Looking for a specific animal? There are outfitters that can help. Looking for a specific experience? Same thing. This is the best way to get started because the guide will not only help you to get started, but also educate you throughout the entire process.
A hunting outfitter is a great way to shortcut some of the learning curve by both being told what to do and learning through a healthy dose of questions!
The only downside to outfitting is the cost. Usually it isn’t excessive, but it can make the per pound cost of meat a bit higher than you would find at the grocery store. For the learning experience, it is hard to say that this isn’t worth it, though.
Hunting on Public Land
The free and total self-starter route of hunting for beginners is to get on public land. Many regions across the United States have public land that you can hunt on. Some states are better than others (Idaho, Wyoming, Colorado all have lots of public land) so it is worthwhile to look up states near to to see what is available.
The downside of public land is how challenging it can be for a novice hunter. Getting out into the woods and mountains in order to hunt game (especially large ones like elk) can require a lot of effort, a lot of skill, and many tools.
While it is free, the time you spend searching for game on public land is never recuperated. If you are a fan of the outdoors, great (in fact, if you’re not a fan of the outdoors we don’t recommend hunting!) But if you are looking for a kill to have that experience, public land is probably not your best bet.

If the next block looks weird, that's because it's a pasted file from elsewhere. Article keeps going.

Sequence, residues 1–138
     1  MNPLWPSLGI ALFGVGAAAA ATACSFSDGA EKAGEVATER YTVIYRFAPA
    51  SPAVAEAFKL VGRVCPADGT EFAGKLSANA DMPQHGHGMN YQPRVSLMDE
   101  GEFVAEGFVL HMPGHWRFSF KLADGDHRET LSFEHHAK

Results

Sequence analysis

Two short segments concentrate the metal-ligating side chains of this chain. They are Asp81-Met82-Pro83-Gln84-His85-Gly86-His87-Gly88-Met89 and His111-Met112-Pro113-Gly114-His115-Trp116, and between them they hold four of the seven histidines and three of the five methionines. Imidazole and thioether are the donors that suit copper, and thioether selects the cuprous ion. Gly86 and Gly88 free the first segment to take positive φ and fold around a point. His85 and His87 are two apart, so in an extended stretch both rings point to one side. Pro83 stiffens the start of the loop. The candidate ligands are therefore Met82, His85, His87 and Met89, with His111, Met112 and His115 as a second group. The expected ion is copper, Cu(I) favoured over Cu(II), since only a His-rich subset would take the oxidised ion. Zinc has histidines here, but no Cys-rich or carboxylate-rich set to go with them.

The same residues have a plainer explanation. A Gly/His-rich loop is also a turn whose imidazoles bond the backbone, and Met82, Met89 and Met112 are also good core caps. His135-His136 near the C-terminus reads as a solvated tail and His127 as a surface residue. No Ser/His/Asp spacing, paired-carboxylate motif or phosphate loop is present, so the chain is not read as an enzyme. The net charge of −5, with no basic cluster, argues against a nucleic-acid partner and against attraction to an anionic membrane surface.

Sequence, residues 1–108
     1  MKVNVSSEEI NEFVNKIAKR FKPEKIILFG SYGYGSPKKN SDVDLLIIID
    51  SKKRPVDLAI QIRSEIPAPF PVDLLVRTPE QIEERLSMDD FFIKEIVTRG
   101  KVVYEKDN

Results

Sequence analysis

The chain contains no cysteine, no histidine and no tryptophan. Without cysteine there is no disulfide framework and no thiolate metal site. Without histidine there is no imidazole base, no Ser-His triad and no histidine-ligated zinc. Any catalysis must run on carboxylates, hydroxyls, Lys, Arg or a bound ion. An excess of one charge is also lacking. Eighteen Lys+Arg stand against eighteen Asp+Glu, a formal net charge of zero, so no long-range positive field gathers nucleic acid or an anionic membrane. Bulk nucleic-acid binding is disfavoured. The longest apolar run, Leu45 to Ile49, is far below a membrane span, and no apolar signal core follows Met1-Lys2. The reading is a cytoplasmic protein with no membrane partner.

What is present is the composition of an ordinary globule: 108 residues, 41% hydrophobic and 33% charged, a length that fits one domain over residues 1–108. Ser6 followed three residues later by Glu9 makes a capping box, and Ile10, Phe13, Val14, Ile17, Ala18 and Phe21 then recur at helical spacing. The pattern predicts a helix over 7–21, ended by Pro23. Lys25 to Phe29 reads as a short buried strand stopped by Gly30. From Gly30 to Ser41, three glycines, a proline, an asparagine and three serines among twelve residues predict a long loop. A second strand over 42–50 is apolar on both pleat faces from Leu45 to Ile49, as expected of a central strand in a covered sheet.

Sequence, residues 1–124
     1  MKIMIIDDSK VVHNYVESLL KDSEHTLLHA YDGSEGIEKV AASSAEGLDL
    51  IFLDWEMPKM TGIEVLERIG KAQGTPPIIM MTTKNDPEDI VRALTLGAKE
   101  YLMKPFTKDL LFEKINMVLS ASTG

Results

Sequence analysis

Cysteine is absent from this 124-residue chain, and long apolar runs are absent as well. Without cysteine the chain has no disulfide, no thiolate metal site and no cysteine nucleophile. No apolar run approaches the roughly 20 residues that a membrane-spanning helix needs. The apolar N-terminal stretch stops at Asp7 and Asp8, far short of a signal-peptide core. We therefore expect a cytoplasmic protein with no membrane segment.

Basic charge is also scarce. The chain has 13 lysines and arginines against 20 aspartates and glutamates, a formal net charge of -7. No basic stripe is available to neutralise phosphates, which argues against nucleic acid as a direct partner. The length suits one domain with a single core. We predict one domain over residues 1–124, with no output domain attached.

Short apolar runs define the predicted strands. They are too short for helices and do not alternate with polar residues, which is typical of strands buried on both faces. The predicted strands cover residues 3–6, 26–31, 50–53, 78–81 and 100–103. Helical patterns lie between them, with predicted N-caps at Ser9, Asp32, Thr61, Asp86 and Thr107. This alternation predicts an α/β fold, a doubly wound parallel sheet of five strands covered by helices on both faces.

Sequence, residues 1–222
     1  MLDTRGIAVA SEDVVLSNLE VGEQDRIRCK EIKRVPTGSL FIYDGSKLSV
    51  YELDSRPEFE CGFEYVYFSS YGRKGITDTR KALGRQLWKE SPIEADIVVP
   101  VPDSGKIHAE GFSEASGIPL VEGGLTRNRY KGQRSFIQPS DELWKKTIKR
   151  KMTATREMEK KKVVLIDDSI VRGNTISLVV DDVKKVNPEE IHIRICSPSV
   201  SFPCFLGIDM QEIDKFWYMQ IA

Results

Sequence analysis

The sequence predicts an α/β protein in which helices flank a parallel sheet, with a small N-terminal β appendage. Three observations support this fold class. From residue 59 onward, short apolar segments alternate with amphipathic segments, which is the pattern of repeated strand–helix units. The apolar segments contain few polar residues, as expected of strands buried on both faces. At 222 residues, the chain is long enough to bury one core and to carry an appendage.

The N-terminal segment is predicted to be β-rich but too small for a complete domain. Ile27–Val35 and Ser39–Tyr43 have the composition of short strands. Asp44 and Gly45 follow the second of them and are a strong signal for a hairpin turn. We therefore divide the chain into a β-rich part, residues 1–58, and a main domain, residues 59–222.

Dressing Game: What to Do When Successful
One reason it’s important to have a guide with you (outfitter) is for help once you kill an animal. It’s not easy to go from no knowledge of animal anatomy to gutting, skinning, and cleaning the whole thing.
This is an important part of hunting because it ensures the animal gets used in its entirety, the meat doesn’t spoil, and you get out of the hunt successfully. The following video is a great big game dressing guide that’s better than anything we could produce with text.
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Take the Next Step
Now that you have an understanding of how to get into hunting, it is important to take the next steps. Many new hunters read a lot about it, learn, speak with friends, and never end up doing anything. We’ve been there…
The Conscious Hunter retreats are a series of hunting excursions with like minded beginners who have either never hunted before or simply did not have the mindful experience that we curate.
If you want to learn more about the retreat email internal at conscioushunter.com.
How to get into hunting
How to start hunting